Third, it's not like all of that money is going towards bike projects. Peters herself says that much of that money is going towards projects like museums.
American motorists deserve to know that the taxes and fees they pay to drive on our great highway system are being spent effectively. Unfortunately, too many urban planners have joined the anti-automobile movement, and the name of the game for them is to divert as many highway dollars to non-highway projects as possible.
So many cities are spending highway funds on multimillion-dollar bicycle overpasses, exclusive bike paths and other expensive facilities. When we compare the number of people using these paths and bridges with the cost, they are often not a cost-effective way of moving people.
At this point you have to start wondering if O'Toole did any research or if he wrote this on his blackberry while driving to work in the morning.
Only 1.5% of federal transportation dollars are spent on bike AND pedestrian projects combined.
Also, the writer clearly doesn't know his audience. Is he really going to argue that Los Angeles is spending too much time and money on non-auto projects? I note the vague use of "so many cities are..." I guess San Francisco, Portland and New York now qualify as "so many."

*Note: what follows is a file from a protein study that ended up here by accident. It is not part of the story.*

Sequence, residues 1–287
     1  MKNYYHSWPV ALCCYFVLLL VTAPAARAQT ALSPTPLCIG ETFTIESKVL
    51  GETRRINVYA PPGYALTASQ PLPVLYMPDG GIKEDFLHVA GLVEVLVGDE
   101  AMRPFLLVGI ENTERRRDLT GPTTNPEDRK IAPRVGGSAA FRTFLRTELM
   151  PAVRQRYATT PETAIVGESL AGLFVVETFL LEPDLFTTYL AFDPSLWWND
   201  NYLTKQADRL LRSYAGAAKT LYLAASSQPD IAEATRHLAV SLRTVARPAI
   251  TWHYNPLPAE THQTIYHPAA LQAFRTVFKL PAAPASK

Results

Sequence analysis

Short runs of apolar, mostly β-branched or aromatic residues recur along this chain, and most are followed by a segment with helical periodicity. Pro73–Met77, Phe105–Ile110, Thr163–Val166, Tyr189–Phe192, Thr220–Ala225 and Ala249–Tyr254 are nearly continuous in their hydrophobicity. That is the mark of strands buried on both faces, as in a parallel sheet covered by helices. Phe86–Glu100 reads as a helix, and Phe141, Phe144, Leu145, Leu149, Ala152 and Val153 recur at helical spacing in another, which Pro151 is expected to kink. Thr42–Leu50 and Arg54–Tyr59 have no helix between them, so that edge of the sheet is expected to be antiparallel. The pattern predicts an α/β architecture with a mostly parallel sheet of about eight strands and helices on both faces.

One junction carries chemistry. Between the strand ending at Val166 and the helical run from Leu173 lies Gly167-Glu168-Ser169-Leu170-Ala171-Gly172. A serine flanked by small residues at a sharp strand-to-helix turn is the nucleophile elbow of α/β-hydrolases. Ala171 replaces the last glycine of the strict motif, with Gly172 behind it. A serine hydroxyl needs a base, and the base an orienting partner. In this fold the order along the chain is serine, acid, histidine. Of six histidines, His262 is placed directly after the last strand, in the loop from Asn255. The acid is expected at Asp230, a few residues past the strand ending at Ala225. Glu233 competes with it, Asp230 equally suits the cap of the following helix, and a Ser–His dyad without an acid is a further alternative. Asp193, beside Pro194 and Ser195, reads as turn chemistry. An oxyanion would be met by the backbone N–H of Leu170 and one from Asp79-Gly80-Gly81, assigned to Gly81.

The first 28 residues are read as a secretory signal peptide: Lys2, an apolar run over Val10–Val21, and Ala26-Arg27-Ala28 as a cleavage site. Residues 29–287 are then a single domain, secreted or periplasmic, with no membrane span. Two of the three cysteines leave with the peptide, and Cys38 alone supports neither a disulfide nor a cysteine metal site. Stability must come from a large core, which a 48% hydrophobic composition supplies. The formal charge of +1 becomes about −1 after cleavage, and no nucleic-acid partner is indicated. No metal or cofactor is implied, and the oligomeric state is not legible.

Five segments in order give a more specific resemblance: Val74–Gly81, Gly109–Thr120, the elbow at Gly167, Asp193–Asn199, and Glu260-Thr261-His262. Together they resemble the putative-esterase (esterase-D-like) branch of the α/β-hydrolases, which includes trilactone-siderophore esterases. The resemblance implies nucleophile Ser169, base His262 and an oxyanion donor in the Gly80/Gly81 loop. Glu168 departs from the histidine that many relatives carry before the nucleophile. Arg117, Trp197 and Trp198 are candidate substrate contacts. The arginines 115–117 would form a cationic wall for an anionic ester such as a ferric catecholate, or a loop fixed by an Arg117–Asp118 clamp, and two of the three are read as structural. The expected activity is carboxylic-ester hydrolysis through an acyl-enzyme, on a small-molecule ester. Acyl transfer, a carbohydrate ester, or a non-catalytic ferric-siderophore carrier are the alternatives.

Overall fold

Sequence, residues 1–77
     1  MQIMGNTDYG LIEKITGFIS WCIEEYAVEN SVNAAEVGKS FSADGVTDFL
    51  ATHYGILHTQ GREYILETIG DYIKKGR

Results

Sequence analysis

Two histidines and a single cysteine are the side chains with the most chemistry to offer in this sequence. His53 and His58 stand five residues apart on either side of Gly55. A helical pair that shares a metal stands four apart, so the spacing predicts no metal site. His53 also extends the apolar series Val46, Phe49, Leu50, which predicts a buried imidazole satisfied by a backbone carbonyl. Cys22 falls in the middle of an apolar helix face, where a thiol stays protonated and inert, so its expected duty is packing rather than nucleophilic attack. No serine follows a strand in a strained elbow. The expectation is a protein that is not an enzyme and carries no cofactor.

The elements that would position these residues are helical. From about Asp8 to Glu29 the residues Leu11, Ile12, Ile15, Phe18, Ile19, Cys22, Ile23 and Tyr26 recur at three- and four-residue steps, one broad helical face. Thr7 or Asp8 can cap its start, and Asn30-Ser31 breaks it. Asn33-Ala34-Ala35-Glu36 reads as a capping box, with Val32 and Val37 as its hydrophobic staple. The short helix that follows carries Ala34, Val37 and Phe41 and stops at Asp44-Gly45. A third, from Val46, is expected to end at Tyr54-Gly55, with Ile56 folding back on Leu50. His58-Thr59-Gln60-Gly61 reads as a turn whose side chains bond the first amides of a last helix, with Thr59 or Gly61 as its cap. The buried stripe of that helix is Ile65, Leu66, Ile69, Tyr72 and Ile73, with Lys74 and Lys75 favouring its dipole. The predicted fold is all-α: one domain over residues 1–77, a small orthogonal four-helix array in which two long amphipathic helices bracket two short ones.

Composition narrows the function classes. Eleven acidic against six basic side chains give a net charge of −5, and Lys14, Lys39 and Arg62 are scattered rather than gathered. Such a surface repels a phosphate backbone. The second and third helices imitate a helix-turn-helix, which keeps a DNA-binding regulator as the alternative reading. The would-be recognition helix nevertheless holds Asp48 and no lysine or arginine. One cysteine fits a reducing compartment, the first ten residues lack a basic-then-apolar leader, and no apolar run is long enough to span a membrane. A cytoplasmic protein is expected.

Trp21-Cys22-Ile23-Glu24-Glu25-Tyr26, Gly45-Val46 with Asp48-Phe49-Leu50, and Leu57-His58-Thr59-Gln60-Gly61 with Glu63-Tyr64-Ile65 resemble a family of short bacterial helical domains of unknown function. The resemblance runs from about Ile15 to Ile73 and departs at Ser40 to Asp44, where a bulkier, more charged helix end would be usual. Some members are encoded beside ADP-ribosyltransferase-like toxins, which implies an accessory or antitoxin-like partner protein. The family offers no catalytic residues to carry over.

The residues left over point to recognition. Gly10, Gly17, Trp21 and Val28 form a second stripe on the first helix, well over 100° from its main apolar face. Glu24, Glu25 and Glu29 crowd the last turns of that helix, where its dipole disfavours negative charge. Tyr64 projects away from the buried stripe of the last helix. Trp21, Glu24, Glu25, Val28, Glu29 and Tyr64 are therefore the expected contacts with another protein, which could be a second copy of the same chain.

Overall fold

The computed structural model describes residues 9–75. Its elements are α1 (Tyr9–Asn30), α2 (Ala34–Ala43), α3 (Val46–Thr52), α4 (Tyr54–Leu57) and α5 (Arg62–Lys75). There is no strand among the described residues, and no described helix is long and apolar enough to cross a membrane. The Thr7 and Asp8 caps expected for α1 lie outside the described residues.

Local gas tax payers aren't incensed that there is money going towards bike projects, they're incensed that the state robs transportation coffers to pay for anything that isn't transportation. If you were to ask Angelenos who was most responsible for draining highway dollars away from highways, they would say Governor Schwarzenegger, who incidentally is the top governor in the country when it comes to fiscal matters according to the Cato Institute.
At the same time, cyclists deserve to know that they can ride on our street networks without taking their lives in their hands. Motorists do not mind if an appropriate share of highway fees are spent on bike facilities as long as they are spent cost effectively. For example, motorists in my home state of Oregon support the dedication of 1% of state gas taxes to bike routes.
That .5% extra is really bothering you, huh?
One cost-effective alternative to expensive bike paths is bicycle boulevards. This is where streets paralleling busy arterials are dedicated to bicycle use while still open for local auto traffic. For little more than the cost of signage, and some careful planning at busy intersections, cyclists can have a safe alternative to the busier roads.